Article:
Last night on March 8th, the Eleanor Project presented HERstory, an event that took place at the Haggin Museum. This was one of their first events since partnering with the United Way of San Joaquin County. The event celebrated women in our community and their achievements, as well as promoted female empowerment and supportive networking. Along with having a room full of historical archives that highlighted important women and groups of women who dedicated themselves to uplifting their communities (including Haven of Peace founder Ethel Ellison and the Alpha Kappa Alpha Sorority), the night also featured a presentation by Dr. Edie Sparks, a history professor at University of the Pacific who spoke about her book, Boss Lady. The book highlights three women entrepreneurs who ran successful businesses during times where it was extremely rare to find women in high-ranking positions: Margaret Rudkin, Olive Ann Beech, and Stockton’s very own Tillie Lewis.
Named after Eleanor Roosevelt, the Eleanor Project- founded by Kristen Birtwhistle and Stacy Jackson- consists of events and programs that focus on celebrating women’s accomplishments by bringing them together and sharing their stories. Other events include TEP Talks, Oxygen Mask Social Events, Dinner and Discussions, and Women Owned and Operated (WOO) business development opportunities.
To learn more about the Eleanor Project, please visit their website here: http://theeleanorproject.com<
Each week, we will be featuring an organization that provides invaluable programs and services for the San Joaquin community that uplift and strengthen those who may be struggling or in need of assistance. Many of these organizations are not too widely known, so our goal is to share their commitments and contributions to the San Joaquin County community.
The Agape Villages Foster Family Agency is committed to placing foster children who often have experienced trauma, neglect, and grief into safe and supportive families with fully qualified foster parents. Agape Villages serves 23 counties in Northern California including San Joaquin and Sacramento, and have offices in Manteca, San Ramon, and San Leandro. Their goal is to aid disadvantaged children in recovering and reshaping their lives by providing them with a nurturing environment until they are able to reach the next stage of their lives, whether that be reunification with or emancipation from their biological families. Agape Villages also provides families the opportunity to heal, grow and develop in hopes that reunification may occur if possible or appropriate. Today, the total number of children served by Agape Villages is 6,100.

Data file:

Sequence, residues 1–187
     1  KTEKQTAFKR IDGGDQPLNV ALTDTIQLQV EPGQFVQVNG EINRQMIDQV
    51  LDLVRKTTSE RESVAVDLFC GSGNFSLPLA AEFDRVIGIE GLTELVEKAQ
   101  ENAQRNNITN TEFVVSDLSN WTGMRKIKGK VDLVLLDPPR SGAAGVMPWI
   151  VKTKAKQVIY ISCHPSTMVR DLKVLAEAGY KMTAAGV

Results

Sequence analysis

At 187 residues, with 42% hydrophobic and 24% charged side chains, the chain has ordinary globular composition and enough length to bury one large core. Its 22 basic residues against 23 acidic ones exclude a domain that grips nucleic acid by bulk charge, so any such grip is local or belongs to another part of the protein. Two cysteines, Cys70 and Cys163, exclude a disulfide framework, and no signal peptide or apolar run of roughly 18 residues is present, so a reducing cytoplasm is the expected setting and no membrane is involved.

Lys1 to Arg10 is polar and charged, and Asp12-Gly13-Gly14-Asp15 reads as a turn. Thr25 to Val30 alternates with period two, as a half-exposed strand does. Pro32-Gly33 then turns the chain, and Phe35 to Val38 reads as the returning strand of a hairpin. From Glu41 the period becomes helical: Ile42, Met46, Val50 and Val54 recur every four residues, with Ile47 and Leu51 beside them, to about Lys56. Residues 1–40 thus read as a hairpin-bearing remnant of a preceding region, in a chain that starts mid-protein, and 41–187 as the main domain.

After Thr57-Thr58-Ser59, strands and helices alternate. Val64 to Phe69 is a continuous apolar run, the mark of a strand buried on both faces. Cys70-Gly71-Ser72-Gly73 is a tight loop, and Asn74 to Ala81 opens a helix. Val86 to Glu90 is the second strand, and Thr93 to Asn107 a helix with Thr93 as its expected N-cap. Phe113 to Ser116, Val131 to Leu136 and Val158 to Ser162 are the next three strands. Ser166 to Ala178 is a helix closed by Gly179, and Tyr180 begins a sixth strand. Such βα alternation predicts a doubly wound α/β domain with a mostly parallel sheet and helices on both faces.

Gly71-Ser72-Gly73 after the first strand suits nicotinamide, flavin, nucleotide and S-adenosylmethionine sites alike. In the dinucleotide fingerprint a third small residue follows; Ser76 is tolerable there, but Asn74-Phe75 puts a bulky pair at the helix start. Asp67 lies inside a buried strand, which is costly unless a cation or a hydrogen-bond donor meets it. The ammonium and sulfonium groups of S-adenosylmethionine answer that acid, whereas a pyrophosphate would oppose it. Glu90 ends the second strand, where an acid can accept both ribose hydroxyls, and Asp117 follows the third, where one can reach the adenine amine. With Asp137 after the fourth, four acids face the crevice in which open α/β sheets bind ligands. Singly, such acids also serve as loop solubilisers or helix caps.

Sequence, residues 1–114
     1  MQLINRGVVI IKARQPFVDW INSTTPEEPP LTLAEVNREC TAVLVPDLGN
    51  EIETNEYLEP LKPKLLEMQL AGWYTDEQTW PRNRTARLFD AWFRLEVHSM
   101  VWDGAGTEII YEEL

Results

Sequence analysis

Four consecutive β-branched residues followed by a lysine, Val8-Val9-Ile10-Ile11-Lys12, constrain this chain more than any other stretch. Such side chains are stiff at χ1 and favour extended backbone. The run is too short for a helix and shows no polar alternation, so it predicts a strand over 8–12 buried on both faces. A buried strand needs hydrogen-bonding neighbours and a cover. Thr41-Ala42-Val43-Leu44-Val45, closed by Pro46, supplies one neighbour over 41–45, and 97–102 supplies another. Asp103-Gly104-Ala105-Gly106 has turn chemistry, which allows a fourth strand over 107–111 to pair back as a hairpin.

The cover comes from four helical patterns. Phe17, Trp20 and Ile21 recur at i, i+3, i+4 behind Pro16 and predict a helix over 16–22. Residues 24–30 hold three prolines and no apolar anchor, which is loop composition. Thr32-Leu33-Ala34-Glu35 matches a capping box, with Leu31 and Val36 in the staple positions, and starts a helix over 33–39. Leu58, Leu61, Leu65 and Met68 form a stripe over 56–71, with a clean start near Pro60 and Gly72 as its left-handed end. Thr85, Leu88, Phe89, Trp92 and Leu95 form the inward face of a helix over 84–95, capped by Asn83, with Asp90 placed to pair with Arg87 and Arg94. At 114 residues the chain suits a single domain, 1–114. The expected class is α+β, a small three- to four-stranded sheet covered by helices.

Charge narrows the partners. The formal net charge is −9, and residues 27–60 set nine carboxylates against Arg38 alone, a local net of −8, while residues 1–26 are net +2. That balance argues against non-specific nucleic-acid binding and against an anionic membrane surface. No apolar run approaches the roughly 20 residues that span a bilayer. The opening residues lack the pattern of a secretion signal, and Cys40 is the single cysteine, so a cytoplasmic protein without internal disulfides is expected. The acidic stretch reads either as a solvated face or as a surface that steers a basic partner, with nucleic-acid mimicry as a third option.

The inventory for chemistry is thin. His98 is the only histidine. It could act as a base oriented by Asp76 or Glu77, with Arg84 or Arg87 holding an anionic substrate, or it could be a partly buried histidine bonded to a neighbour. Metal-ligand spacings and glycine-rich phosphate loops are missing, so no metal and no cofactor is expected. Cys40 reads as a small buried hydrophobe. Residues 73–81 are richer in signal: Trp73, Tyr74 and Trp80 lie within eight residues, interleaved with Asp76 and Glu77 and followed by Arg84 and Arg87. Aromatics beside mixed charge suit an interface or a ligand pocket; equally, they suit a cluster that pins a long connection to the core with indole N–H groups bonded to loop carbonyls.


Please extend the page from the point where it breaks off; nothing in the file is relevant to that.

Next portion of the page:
Agape Villages provide children, adolescents, and young adults (newborn to 21 years of age) with numerous services that include: enhanced treatment foster care, an enrichment program, and a transitional youth program. The enhanced treatment foster care program has the goal of finding placements even for sibling groups and adolescents, which are among the most challenging foster youth to find temporary homes for. In addition, social workers implement a “Needs and Services” plan that is specific to the needs of every child. The Enrichment program includes activities such as art, dance, horseback riding, and church youth groups with the goal of increasing children’s social skills, self-esteem as well as their motivation for learning. Last, the Transitional Youth program is geared towards those 15 to 21 years of age, and helps to prepare them for life as independent adults by providing job training and college preparation.
To learn more about Agape Villages Foster Family Agency, visit their website here: http://www.agapevillages.org